Hope that helps.

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      • #4
        Originally posted by Jokinly View Post
        . . . A large issue that the community faces as a whole, though, is an apparent discrepancy in cutting performance between men and women. There are a number of theories floating about, some valid, some completely off the wall, but no one seems to be coming to a clear consensus as to why the ladies seem to be under-representing when it comes to cutting. . . .

        Essentially my questions boil down to this for female practitioners of tameshigiri:

        -Is there a conspicuous issue that you dealt with that initially prevented you from being able to perform well in cutting that wouldn't have affected your male colleagues?

        -If so, what steps did you take to remedy this issue?

        -If not, is this "difference" simply idiosyncratic, and fixable simply with more training?
        I've only done a little tameshigiri, but I am female, my main gig is polearms, and I've seen a fair number of HEMA demonstrations. HEMA folks I've seen were largely cutting with the upper body, like pgsmith said, and I have not often seen body movements that were fully coordinated, upper and lower body. ​People who don't have the upper body strength to move the sword at speed need to figure out how to get their bone structure behind the sword's movement and cut from the hara (remember that from kendo?). Now, this might not be the paradigm that HEMA techniques were built on in the way lots of Japanese sword seems to have done, but it does work.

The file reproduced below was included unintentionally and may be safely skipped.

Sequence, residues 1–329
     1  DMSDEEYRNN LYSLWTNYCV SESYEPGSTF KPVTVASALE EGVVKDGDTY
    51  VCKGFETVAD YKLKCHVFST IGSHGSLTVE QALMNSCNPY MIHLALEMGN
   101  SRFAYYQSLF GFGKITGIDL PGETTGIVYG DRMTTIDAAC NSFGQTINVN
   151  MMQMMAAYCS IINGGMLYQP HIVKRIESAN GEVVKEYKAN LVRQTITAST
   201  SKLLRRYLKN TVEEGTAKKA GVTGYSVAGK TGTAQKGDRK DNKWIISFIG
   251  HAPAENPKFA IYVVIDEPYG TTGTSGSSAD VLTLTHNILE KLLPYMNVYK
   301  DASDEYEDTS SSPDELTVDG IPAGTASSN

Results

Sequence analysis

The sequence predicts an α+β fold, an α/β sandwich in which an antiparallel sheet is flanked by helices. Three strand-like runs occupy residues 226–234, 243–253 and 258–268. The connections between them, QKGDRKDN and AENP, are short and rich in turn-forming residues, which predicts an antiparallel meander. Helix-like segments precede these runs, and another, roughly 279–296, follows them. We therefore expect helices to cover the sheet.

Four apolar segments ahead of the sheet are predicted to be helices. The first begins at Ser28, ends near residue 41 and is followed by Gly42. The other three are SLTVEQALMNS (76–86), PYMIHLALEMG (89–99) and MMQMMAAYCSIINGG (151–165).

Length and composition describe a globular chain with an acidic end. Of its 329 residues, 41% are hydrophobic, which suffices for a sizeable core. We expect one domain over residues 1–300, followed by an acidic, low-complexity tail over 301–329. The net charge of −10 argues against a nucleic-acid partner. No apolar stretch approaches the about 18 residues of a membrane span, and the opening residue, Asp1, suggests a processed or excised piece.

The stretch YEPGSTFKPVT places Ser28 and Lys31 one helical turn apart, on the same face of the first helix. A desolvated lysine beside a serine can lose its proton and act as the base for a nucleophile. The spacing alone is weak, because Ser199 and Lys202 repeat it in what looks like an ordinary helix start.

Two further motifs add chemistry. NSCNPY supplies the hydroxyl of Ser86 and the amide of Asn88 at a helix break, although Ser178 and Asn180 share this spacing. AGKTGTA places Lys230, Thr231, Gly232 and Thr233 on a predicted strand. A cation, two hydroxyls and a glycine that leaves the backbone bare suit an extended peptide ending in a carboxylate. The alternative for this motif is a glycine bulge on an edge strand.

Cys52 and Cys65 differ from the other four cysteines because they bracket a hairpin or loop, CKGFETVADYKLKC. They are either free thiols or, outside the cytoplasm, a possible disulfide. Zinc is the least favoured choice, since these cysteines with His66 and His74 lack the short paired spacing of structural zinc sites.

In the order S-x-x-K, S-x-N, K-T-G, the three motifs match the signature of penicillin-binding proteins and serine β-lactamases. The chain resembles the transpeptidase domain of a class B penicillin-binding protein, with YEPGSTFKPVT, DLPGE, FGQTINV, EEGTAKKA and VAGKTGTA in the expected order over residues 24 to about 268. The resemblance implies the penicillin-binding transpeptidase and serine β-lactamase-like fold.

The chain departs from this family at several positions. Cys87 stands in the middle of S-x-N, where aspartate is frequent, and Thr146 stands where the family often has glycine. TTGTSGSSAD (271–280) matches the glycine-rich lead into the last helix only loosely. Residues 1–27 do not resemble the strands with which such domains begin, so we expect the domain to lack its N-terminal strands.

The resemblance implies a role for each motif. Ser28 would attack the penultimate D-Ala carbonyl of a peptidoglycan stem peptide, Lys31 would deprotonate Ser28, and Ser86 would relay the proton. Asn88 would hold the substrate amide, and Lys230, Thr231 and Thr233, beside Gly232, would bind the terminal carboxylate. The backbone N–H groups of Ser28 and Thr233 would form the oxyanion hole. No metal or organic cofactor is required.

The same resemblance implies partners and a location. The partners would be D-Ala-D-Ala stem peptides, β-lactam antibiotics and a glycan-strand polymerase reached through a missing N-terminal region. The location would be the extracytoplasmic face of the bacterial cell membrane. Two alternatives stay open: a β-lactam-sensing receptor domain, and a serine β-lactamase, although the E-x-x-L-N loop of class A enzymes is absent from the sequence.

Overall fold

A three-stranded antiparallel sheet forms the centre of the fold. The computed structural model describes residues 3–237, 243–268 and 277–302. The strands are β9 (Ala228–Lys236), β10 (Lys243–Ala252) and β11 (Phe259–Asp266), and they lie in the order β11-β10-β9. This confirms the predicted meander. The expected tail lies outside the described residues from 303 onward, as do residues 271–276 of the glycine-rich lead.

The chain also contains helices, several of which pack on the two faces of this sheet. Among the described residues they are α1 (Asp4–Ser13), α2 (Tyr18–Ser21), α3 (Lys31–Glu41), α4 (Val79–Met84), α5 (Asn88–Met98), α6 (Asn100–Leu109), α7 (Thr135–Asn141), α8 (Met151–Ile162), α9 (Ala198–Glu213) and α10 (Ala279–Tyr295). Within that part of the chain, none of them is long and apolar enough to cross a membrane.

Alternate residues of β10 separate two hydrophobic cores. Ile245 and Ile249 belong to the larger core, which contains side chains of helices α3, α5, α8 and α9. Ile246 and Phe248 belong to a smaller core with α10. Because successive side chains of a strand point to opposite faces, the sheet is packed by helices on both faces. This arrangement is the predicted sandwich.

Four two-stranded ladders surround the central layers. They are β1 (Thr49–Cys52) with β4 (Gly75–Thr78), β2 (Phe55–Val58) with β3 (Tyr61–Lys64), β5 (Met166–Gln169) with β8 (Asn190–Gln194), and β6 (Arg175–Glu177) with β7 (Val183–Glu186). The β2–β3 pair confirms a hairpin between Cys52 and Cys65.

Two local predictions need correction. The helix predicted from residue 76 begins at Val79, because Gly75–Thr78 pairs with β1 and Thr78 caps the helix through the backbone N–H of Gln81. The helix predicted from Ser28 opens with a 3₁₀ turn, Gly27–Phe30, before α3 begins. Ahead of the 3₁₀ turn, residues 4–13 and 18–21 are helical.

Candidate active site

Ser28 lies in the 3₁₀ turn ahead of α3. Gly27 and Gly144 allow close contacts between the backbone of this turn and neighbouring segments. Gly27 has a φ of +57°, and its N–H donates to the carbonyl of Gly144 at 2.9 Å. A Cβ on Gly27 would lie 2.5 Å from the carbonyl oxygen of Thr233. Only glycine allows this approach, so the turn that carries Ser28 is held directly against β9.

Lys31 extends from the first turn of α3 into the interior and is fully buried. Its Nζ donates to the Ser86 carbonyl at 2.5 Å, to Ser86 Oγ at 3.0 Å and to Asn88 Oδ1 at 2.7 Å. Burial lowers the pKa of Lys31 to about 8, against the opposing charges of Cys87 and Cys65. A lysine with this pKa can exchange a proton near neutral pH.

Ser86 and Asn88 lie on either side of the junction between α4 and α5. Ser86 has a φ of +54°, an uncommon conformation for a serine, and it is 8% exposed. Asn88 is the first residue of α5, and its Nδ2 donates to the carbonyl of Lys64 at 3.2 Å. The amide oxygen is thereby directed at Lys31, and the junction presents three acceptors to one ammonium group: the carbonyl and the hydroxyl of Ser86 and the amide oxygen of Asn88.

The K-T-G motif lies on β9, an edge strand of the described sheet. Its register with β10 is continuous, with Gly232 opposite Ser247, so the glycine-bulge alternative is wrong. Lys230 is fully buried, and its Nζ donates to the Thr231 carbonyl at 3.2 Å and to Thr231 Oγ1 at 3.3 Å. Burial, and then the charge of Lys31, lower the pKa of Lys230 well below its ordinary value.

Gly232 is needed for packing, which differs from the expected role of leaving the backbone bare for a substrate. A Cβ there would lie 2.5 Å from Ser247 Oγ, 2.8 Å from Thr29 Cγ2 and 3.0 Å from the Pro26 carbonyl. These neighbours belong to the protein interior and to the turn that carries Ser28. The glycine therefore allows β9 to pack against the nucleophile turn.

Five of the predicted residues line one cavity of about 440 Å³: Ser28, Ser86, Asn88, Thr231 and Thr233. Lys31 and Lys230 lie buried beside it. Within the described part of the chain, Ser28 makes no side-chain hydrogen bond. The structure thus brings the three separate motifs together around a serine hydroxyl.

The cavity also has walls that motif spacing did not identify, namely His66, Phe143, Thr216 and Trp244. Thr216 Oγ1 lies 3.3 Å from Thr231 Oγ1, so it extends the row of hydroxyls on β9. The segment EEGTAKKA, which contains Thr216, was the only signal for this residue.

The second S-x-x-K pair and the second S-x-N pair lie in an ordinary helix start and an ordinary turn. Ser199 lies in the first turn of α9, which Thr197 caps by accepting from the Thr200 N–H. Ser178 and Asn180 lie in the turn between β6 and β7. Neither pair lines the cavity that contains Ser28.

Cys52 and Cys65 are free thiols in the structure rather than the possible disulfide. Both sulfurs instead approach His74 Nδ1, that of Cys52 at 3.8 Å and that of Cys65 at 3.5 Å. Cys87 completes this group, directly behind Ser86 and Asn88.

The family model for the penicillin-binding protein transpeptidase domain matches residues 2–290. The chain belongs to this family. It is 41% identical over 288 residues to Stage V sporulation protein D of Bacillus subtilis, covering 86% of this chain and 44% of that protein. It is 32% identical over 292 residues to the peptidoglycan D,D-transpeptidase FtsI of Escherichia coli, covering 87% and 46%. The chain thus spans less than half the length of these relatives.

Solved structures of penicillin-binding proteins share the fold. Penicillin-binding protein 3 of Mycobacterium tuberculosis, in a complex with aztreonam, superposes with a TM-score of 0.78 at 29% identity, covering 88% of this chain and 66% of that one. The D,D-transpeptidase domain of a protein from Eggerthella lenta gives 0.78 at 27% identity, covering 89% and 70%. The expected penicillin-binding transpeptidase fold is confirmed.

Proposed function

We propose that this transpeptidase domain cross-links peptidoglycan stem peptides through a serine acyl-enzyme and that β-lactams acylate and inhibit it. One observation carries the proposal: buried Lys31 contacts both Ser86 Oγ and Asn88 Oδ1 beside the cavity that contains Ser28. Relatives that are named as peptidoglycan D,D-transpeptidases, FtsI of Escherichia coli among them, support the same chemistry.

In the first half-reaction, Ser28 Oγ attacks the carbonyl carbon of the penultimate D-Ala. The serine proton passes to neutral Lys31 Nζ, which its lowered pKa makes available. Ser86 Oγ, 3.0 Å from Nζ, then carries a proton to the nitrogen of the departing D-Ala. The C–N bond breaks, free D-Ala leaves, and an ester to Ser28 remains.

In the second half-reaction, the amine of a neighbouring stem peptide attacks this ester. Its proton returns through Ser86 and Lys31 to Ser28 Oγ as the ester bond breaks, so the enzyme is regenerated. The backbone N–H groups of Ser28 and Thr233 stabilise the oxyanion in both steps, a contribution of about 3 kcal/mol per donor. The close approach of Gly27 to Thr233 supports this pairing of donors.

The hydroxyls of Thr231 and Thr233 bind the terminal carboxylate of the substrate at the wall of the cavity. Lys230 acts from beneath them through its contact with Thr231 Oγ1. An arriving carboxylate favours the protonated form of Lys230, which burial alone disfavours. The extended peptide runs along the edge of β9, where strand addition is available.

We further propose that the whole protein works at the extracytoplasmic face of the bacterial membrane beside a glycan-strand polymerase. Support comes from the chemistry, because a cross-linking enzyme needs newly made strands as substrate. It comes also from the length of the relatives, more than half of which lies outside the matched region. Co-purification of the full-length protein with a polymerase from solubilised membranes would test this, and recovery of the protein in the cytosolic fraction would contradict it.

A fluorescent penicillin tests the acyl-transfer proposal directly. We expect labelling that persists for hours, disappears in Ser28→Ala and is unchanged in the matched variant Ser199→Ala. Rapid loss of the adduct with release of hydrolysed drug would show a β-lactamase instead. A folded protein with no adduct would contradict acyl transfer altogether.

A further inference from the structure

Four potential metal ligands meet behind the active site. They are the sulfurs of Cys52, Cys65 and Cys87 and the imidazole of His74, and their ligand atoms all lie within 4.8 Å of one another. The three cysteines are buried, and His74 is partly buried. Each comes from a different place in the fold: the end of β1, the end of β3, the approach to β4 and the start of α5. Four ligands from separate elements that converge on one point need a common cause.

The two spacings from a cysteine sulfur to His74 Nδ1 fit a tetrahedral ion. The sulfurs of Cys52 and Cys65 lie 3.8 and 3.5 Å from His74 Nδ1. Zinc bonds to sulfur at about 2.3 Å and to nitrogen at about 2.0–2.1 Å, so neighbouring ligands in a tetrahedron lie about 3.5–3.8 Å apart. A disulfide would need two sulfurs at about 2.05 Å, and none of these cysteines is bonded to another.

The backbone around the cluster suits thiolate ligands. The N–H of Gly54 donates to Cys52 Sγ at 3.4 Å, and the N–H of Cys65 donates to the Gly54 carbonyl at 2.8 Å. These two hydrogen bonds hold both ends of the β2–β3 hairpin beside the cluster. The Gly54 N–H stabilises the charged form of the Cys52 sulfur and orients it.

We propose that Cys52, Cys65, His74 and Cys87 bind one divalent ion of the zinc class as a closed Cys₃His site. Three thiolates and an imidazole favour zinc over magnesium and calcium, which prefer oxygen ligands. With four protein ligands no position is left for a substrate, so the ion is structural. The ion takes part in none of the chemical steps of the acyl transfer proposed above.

In doing tameshigiri the few times I did it, I think the biggest problem for me was feeling intimated by the experience. There were a lot of very enthusiastic guys, perhaps even a little showing off, and I just wanted a quieter situation to work through the cutting without feeling like I had to perform in a certain way or achieve certain results. For women in JSA, we sometimes have an advantage because in starting out with not so much ability to muscle the sword, we're not trapped in the bad habit of muscling the sword.

        -Beth




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        • #5
          Originally posted by babayaga View Post